First of all, unless you aced your Latin or French exams it would pay to check you have spelled ‘Curriculum Vitae' correctly and haven't randomly applied accents to ‘Resume' where they don't belong. You may wonder why this is important if you aren't applying for a spelling job or looking for a career in linguistics. If you can't get this basic detail right – which these days means deliberately ignoring the red line under the word – how can we trust that you have got the other details correct? Just as you might make some effort on your first impression when you walk into a room, your shirt is tucked in and your breath isn't toxic, you need to make the right first impression on your CV. Typos distract the reader so no matter how eloquently you explain that your only fault is that you're a perfectionist, sloppy spell-checking will show you up.
Our next tip might be a bit controversial; don't include a photo. While it is definitely good to have a professional photo on LinkedIn to show that you are a real person and for people to pick you from everyone else in the world with your name, most recruiters agree it doesn't work as well on your CV. A bad photo is just bad, a good photo looks like your trying to distract us from your experience. You wouldn't send your professional CV for a modelling job so why send your glamour shots if you are looking for a professional role? A photo with your family is too cute and one with your pet a little sad. And what is the story with blokes and fish? What are you trying to say? That you're smarter or stronger than a snapper? We would usually assume you are, until we see the fish photo.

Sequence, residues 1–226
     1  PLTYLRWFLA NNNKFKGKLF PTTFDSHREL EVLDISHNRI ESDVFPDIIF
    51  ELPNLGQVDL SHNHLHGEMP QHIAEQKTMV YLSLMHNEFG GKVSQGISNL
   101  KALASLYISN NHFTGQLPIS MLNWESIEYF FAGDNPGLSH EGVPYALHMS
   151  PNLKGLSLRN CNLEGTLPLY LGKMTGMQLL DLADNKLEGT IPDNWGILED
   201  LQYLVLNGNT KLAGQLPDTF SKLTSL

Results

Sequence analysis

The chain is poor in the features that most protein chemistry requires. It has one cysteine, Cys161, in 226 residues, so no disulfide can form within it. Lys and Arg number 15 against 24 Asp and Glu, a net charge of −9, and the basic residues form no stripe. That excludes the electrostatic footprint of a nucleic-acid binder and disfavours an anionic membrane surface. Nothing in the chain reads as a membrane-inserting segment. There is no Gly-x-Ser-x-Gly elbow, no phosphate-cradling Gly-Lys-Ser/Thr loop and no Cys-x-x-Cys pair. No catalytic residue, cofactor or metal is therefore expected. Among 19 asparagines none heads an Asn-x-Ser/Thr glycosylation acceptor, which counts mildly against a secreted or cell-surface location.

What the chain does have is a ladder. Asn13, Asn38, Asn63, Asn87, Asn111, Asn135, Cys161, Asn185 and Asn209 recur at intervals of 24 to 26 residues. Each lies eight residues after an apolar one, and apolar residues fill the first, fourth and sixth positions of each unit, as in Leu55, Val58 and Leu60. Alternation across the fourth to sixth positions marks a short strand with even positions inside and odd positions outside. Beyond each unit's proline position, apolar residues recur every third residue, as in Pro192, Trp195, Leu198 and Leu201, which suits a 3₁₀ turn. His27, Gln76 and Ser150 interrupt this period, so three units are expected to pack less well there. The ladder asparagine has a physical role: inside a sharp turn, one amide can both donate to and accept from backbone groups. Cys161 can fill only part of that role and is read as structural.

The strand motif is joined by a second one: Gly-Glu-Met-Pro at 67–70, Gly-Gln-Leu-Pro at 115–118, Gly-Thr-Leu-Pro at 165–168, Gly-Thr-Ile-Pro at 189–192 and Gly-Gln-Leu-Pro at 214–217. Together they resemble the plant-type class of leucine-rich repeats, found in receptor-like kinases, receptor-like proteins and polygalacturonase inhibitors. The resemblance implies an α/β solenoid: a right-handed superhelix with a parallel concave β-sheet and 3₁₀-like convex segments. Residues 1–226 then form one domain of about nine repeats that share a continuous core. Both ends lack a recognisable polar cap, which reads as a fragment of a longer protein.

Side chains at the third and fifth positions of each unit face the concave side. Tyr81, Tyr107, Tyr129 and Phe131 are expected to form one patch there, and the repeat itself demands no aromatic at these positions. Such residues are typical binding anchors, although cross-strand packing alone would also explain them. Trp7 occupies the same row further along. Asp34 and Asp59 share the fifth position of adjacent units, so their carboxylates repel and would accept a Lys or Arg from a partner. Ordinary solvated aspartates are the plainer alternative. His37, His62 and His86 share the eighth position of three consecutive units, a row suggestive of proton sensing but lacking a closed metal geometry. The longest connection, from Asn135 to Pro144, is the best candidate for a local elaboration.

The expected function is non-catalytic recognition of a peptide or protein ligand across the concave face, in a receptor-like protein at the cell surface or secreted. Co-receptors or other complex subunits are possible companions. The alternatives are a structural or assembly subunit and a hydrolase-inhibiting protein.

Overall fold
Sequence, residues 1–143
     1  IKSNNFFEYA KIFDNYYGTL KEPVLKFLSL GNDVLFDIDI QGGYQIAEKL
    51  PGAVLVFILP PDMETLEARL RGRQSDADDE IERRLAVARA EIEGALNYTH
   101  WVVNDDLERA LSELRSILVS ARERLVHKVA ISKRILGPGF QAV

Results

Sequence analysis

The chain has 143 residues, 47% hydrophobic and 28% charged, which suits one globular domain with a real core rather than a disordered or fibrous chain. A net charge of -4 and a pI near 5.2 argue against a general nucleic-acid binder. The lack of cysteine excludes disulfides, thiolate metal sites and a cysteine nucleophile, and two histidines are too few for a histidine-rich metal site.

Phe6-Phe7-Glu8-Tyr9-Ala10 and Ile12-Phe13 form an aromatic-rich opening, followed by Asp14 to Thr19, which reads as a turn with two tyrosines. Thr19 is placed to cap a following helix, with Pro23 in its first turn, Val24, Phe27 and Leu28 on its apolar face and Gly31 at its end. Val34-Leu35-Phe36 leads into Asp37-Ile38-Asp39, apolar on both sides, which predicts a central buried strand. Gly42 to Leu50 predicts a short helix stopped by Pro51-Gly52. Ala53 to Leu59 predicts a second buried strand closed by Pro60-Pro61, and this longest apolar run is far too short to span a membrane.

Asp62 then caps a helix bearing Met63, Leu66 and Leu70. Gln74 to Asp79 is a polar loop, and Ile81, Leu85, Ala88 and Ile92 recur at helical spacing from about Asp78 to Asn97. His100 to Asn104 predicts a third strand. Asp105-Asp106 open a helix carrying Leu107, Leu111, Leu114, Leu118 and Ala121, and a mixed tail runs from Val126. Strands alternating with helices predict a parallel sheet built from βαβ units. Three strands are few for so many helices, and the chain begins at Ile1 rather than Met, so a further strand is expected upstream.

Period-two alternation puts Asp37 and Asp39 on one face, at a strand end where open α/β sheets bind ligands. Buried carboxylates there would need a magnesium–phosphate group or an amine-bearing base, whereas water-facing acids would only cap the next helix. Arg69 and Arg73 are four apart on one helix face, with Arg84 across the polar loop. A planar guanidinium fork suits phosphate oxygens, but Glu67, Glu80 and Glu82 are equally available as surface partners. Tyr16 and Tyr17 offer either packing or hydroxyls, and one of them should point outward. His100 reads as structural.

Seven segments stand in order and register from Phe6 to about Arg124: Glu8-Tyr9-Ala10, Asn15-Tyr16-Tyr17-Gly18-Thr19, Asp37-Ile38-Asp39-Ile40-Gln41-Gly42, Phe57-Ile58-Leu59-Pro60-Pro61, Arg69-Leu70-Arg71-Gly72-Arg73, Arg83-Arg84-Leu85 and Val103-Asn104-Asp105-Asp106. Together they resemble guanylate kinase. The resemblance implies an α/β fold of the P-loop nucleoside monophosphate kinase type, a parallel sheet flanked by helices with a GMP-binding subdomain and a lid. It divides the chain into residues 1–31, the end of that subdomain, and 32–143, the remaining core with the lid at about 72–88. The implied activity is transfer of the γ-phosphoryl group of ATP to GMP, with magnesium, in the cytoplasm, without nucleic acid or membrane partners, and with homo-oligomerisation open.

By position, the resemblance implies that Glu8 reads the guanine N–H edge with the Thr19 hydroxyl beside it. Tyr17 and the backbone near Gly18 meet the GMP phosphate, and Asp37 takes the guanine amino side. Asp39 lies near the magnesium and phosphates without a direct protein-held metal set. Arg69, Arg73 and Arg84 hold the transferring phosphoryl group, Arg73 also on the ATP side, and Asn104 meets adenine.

That's got our pet hates out of the way (We don't hate your pets, just we don't find that information helps us find you a good contract. The wholesomeness of your relationship with your family is also interesting but not relevant). Here are some other tips that might help your CV get greater cut-through with recruiters and employers:
Don't limit yourself to two pages. If you have a wealth of experience, share it. Obviously it is best to provide more detail on the recent and relevant experience – your primary school achievements are unlikely to fit this category – but a complete overview of your entire experience is useful.
Include a career summary. If your CV is one of many, it really helps if there is a summary of the dates, roles and companies to see if your experience is a likely match at a glance. Of course it needs to be backed up with detail.
Be specific with dates. A role you held from 2013-2014 could be a period of two months or two years whereas May 2013 –September 2014 leaves no doubt about how much experience you gained.
Don't leave things out. Short contracts, roles that didn't work out and companies that no longer exist often disappear from CVs. Don't make the reader ask, "What else are you hiding?”
Show you are IT savvy. Probably more relevant for people not working in the IT industry, make it clear what software you have used and what systems you have experience with.
Don't assume. Just because you know your previous company intimately, it might not be a household name, especially if it is from your overseas experience. A one-line summary about the business will help avoid assumptions about the relevance of that experience.
Stick to the facts. Leave the qualitative assessment of your skills to the interviewer. Of course you think you're good at what you do, just keep your CV factual because it is possible your own opinions of your capability might be biased.
Quantify your achievements. While merely saying you're good at your job is pointless, proving what you have achieved is commendable. If you can measure your success and compare it to expectations we'll have much greater confidence in you. State specific achievements for each role or contract and you'll give a greater impression of capability.
How do we contact you? We no longer need your home address or fax number but we'll need a mobile phone number and email address to contact you about the right roles.
Feel free to send us your CV…